Saturday, March 7, 2009

Economic downturn and Brazil

Given my lack of Portuguese reading skills I remain on the outside of the local daily news cycle. That said, I read multiple English language sources every day that keep me at least peripherally on the ball.

Friends have asked me to comment on how the global economic downturn is affecting Brazilians. I don’t want to go too far out on a limb here. Luiz and I are not typical Brazilians in so far as we have resources saved from the past several years in the States. This savings puts us in a slightly more freak-free zone. That is, any immediate downturn does not have our butts scraping the ground.

But truth be told it does not seem that the economic perfect storm taking down most of our friends in the US has hit all that hard here in Brazil. We are in a different reality.

For example: Brazilians do not, as a rule, have credit card debt. The average interest rate here for a typical credit card is about 150% per year. Nobody is using a credit card to buy a flat screen TV or to buy groceries. Penalties for writing a bad check or missing a scheduled payment are swift and severe.

While there may be some housing price booms going on in places like Leblon and Ipanema in Rio – and certainly in other locations along the coast or in cities like São Paulo, most Brazilians live in very simple houses in very simple towns. The rise of a vast middle class buying homes utilizing home loans of any variety has yet to reach this developing country – at least at the scale that would/could crash an economy.

Unemployment is up. On the other hand interest rates on some bank loans have been lowered recently so that more people can afford cars. Car sales have been increasing in recent months (big contrast with the US).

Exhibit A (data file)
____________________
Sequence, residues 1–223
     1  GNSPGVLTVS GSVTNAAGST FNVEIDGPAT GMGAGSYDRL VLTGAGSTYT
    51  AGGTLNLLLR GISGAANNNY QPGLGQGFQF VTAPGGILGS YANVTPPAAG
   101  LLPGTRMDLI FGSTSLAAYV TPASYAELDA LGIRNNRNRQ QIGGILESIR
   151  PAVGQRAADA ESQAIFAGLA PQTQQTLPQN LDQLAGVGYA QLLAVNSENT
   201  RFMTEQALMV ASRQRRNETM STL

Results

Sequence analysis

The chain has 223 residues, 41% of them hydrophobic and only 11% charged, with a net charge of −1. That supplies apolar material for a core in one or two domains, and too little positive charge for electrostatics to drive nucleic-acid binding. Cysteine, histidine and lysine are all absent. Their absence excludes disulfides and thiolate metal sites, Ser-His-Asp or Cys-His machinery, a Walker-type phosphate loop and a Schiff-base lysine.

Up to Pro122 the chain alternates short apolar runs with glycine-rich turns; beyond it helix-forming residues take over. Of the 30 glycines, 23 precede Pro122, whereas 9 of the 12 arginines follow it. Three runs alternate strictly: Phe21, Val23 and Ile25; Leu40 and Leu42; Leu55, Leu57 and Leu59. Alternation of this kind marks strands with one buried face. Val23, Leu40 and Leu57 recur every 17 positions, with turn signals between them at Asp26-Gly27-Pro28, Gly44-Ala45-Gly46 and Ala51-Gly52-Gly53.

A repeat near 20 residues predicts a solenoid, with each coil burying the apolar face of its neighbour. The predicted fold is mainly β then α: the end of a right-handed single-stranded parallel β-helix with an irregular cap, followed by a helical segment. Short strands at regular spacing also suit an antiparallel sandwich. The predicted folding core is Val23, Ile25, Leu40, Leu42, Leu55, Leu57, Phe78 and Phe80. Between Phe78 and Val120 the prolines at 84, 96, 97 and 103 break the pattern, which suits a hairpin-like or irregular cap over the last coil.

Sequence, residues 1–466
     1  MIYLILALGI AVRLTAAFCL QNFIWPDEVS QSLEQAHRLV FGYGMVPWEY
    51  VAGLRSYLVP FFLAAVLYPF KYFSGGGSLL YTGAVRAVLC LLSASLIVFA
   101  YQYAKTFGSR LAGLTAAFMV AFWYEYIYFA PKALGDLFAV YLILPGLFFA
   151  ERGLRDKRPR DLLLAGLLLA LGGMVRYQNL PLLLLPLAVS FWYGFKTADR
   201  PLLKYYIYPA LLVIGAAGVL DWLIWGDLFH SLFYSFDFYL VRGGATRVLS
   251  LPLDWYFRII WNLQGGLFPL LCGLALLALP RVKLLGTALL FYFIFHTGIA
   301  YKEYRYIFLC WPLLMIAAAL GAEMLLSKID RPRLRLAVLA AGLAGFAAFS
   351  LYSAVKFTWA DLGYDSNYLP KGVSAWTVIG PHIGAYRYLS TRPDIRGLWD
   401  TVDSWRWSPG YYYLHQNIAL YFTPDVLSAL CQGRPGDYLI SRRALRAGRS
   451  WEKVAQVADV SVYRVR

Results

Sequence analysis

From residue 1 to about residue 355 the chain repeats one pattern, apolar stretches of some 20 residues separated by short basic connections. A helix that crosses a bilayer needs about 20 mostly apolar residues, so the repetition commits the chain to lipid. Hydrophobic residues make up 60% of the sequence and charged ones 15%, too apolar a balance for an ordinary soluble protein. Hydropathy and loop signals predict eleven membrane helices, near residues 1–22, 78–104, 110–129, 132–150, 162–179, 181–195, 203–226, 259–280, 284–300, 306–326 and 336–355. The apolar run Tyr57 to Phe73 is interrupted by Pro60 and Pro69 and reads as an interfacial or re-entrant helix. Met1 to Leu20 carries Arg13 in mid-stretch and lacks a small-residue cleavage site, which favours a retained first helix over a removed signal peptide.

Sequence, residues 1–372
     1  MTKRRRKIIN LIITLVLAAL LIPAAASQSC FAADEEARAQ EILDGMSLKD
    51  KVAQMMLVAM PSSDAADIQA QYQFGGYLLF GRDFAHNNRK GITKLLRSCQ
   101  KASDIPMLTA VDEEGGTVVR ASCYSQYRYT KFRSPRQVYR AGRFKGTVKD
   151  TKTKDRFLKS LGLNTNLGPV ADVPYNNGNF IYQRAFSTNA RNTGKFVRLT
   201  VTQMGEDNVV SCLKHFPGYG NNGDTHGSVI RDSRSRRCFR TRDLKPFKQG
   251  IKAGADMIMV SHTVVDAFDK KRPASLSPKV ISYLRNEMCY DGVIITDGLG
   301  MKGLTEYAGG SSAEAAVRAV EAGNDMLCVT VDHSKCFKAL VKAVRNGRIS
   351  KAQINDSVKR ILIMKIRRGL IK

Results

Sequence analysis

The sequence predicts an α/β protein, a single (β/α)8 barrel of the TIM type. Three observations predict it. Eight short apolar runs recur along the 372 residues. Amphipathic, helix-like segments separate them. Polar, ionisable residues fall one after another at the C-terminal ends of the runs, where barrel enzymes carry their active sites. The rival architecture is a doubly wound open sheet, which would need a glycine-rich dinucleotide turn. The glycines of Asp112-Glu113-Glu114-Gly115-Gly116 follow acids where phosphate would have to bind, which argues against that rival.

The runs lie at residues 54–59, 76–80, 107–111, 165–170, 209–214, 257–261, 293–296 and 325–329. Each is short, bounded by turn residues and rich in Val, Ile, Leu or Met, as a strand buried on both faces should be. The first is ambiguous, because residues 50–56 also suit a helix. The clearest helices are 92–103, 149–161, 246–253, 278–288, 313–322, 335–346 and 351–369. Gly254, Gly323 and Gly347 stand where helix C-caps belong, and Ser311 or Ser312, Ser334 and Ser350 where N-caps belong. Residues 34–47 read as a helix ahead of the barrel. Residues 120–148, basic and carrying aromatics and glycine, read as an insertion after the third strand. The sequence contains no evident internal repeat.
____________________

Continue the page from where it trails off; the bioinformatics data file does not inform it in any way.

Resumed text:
So – I guess the poor are getting the last laugh (figuratively speaking - not many of Brazil's shockingly poor are laughing.) If you are broke you can’t get screwed too much by the money changers who are screwing the money holders. But then Brazil is seeing a drop in the export of goods they rely on developed countries to buy. Manufacturers are closing shops. This is having a direct negative impact on the economic growth enjoyed over the past few years.

Maybe the downturn has yet to land ashore in a way that affects everyday citizens.

This article in the recent issue of TIME magazine suggests Brazil may just steer clear of the global economic disaster. I encourage you to read the article – here are some hot quotes:

“Most Brazilians believe [President Luiz Inácio Lula da Silva] is the reason their country is surviving the current downturn better than other places.” "Lula has an 80% approval rating."

“According to a recent study by the Paris-based Organization for Economic Cooperation & Development (OECD), Brazil may be the only one of 34 major economies that avoids recession in 2009.”

“Exports have been diversified so as to reduce reliance on commodities, and before the downturn the nation socked away a record $208 billion in foreign reserves. The banking system has remained well regulated, and so far seems to have been less exposed to the toxic assets that have wrecked many U.S. and European banks. All this has "buffered Brazil quite a bit against the global downturn," says Paulo Leme, emerging-markets director at Goldman Sachs.”

"Brazil's business leaders insist record profits during the 2005-2008 boom allowed Lula to aid the poor; Lula argues his antipoverty crusade fueled the economic growth. It's a chicken-and-egg debate, in which both sides are right. What matters is that social stimulus programs like Bolsa Família have been matched by fiscal measures like a reform of Brazil's engorged civil service pension system. "It's called doing things right," says Lula. "Allowing the rich to earn money with their investments and the poor to participate in economic growth."

Check out the complete article here.


GingerV said...

Very good entry - I enjoyed the information. I find myself avoiding reading about the situation in the USA - I get so angry at the greed - the banks/stock markets/government and individuals that have created this damamging situation.

Jim said...

Thanks Ginger. I guess if people and companies do not have to de-leverage back into reality they do not have as far to fall.

As Luiz taught me many years ago - "Do not put your hand where your arm cannot reach!"